Energy targets

A Poisonous Climate

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Change is in the air for industry.
  • Why it matters

    Why it matters

    Heavy industry fears that E.U. clean energy targets will be costly and make them less competitive than non-European rivals. Green companies fear they will lose business if the goals aren’t strict enough.

  • Facts

    Facts

    • E.U. leaders have agreed to cut the emission of pollutants by 40 percent by 2030.
    • Bloc members will also increase renewable energy use and boost energy efficiency to 27 percent.
    • The cost to the German steel industry of the emissions trading scheme could hit €1.4 billion ($1.77 billion) by 2030.
  • Audio

    Audio

  • Pdf

Forget the policy wonks – the outcome of yesterday’s European Union summit, where leaders discussed the bloc’s three main climate goals, will have been more hotly anticipated across industry. But nerves will have been jangling for very different reasons in different sectors.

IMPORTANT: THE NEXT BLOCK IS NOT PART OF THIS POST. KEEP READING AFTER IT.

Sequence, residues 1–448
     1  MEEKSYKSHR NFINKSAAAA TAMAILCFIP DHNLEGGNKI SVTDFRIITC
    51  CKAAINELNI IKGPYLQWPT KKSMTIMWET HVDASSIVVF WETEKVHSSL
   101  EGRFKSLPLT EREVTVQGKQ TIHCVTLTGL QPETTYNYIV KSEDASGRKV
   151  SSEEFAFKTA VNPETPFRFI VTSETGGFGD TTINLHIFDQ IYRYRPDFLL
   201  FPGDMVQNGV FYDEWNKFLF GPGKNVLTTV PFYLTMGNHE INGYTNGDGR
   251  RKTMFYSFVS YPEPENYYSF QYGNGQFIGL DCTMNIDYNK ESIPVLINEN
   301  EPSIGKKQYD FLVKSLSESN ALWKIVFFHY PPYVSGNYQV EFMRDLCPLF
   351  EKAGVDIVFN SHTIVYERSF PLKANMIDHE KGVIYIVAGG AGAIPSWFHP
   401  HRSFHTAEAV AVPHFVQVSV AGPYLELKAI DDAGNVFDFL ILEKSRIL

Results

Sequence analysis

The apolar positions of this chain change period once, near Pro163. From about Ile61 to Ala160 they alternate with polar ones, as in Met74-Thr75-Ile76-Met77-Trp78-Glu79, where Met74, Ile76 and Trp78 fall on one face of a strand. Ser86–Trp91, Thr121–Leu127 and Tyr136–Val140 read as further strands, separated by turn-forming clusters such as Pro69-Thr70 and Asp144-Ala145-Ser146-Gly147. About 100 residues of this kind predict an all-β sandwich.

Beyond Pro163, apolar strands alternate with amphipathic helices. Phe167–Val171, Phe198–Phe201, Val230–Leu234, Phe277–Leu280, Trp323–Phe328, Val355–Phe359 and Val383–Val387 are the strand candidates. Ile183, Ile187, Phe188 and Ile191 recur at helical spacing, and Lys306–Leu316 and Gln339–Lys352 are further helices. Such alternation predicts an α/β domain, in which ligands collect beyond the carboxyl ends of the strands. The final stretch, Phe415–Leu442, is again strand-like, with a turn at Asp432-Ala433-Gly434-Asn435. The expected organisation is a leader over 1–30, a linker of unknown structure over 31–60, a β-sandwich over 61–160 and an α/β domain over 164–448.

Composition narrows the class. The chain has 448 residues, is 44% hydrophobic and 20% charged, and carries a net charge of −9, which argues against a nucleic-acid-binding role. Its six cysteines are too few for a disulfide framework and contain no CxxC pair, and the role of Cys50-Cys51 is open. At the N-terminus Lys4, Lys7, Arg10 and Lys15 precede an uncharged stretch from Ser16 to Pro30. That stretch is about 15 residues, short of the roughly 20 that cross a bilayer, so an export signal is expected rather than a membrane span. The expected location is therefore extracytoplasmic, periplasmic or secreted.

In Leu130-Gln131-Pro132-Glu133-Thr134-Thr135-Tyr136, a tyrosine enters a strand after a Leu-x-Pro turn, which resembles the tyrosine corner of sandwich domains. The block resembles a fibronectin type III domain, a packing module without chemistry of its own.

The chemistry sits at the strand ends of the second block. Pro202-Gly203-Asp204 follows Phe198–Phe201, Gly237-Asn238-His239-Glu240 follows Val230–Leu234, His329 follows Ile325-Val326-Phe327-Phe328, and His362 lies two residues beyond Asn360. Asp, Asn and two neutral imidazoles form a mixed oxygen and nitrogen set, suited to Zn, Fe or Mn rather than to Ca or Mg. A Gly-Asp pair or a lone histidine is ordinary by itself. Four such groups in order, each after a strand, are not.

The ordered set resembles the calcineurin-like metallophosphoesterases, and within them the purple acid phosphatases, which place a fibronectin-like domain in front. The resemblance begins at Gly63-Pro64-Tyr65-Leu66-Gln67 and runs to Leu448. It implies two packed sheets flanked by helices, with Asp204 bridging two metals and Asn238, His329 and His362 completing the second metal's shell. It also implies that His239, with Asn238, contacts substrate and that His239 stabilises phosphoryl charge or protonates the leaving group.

Technology companies, for instance, were not expecting government leaders to go far enough in their plans to cut emissions, while energy-intensive industries feared ruin if they went too far.

In the end, the leaders of the 28-country bloc agreed to cut the emission of pollutants by 40 percent by 2030, compared with 1990 levels.

They also vowed to increase renewable energy use to 27 percent by 2030 and boost its energy efficiency savings target to “at least 27 percent.” However, both of these targets were watered down from the hoped for 30 percent level.

The deal was hailed as a landmark agreement, with Herman Van Rompuy, President of the European Council, calling it “the world’s most ambitious, cost-effective, fair climate energy policy.”

Germany, which is committed to the abolishment of non-renewable energy sources under its energy transition (Energiewende) policy, welcomed the deal. Chancellor Angela Merkel said that the renewables target was particularly important to Germany and that those member states that want to go over and above it are free to do so under the agreement.

“Germany will not have a hard time (living up to the targets). We have already set tougher national targets,” she added.

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